Unless you’ve been living under a rock (and if you have, I mean no disrespect), you probably heard about the embarrassing mistake that occurred during last Sunday’s Academy Awards ceremony:
Jimmy Kimmel was hired as host.
Ha Ha!! I’m kidding.
The mistake, of course, is that when it came time to present the award for best picture, the wrong envelope was handed to presenter, Warren Beatty.
As a result, the award was erroneously given to La La Land rather than Moonlight, the true winner.
It was amazing to watch. And fascinating. And memorable.
Not so much because it happened in the first place (it’s easy to see how it could have). Rather, because we all got to watch as it unfolded on live TV.
There was Warren Beatty, a man whose entire career has literally been scripted, suddenly faced with having to make a decision in real time about what to say – or, as it turned out, not say – to tens of millions of people.
But I suppose we shouldn’t be surprised that there has been so much buzz about the mistake. The Oscars have never been about who wins; you can read about that the next day.
It’s the “off script” things that make them interesting:
Matt Damon reaching over the seat in front of him and tugging on Casey Affleck’s man bun.
Mel Gibson straining to appear pleasantly sane as he was being made fun of from the stage.
And this year, in what may be the best Oscar highlight ever, the confusion and adlibbing which necessarily occurred following the best picture gaffe.
Here’s something I’ve noticed about how different businesses market their services:
The more unusual and remarkable your product or service, the more unusual and remarkable your marketing.
So, for example, if you sell a one-of-a-kind product, like a high-end blender, you do your best to have one-of-a-kind marketing.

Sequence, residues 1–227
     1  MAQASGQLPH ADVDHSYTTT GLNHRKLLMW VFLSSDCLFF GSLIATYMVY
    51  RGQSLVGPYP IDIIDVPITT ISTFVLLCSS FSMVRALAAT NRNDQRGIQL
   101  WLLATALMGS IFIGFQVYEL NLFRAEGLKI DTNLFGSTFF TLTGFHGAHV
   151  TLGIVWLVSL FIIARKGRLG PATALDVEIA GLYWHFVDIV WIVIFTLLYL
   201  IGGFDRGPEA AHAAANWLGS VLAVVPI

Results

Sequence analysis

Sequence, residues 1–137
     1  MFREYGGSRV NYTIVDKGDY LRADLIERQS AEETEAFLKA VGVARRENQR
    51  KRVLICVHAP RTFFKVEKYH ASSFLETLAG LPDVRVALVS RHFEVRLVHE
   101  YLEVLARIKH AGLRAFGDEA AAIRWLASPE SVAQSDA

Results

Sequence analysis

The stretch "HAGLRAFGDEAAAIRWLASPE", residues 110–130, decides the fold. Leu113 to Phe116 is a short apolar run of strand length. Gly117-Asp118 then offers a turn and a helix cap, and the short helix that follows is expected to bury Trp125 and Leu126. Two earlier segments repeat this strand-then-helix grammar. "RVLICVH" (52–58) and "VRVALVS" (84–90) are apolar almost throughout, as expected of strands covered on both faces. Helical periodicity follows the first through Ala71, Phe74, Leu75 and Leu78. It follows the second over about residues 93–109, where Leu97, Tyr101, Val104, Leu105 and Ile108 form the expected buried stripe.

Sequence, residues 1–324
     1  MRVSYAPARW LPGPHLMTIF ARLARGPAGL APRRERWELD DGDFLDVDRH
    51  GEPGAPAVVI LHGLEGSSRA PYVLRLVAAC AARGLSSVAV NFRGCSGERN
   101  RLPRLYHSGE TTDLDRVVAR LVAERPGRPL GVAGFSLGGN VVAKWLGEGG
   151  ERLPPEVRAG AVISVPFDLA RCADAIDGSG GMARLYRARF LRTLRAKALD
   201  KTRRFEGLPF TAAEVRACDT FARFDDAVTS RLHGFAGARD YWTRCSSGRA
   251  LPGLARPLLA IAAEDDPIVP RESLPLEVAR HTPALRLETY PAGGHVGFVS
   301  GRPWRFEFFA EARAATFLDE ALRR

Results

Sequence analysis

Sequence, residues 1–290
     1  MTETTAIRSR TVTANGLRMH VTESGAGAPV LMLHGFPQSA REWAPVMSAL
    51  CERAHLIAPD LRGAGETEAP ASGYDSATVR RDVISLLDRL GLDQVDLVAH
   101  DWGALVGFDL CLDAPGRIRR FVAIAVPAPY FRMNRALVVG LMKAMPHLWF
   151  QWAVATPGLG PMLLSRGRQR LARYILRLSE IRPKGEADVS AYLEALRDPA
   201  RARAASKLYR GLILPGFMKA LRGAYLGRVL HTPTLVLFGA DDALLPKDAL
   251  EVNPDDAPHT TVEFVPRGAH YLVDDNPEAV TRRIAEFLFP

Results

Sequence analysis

If, on the other hand, you sell something that looks nearly identical to that of your competitors – financial services, management consulting, life coaching, recruiting, HR – chances are, your marketing is equally undifferentiated.
Nothing too odd. Nothing too personal. Nothing that has even the slightest chance of being slapped with the dreaded “unprofessional” label.
Not that you asked, but I think that’s totally backwards.
If what you sell isn’t easily differentiated from the competition – and sorry, telling us that you, “listen closely to client needs and offer highly customized solutions,” doesn’t even begin to move the yawn needle – don’t you think the way you present it and talk about it should be?
So try this.
- Make a habit of telling stories from personal experience when you speak and write. Things that nobody on earth except you could share.
- Use nonbusiness words and fantabulous adjectives whenever possible. Resist the temptation to “tone it down” at every opportunity – that just heightens your invisibility.
- Always give examples in groups of three. For some reason, people seem to like that.
Here’s the bottom line. An Academy Awards show absent any awards wouldn’t amount to much. And yet, it’s the unscripted, personal, unexpected happenings – not the awards themselves – that grab our attention and keep us engaged.
It’s the same with you and your marketing.
If you weren’t skilled at financial services, management consulting, life coaching, recruiting, HR, or whatever it is you do, nobody would hire you.
But if that’s all you’re willing to reveal, I can promise you one thing: Nobody’s going to be talking about you when they wake up tomorrow.
In 50 words exactly, what do you think Warren Beatty should have said or done when he realized what was in that envelope?
Share your comments below!
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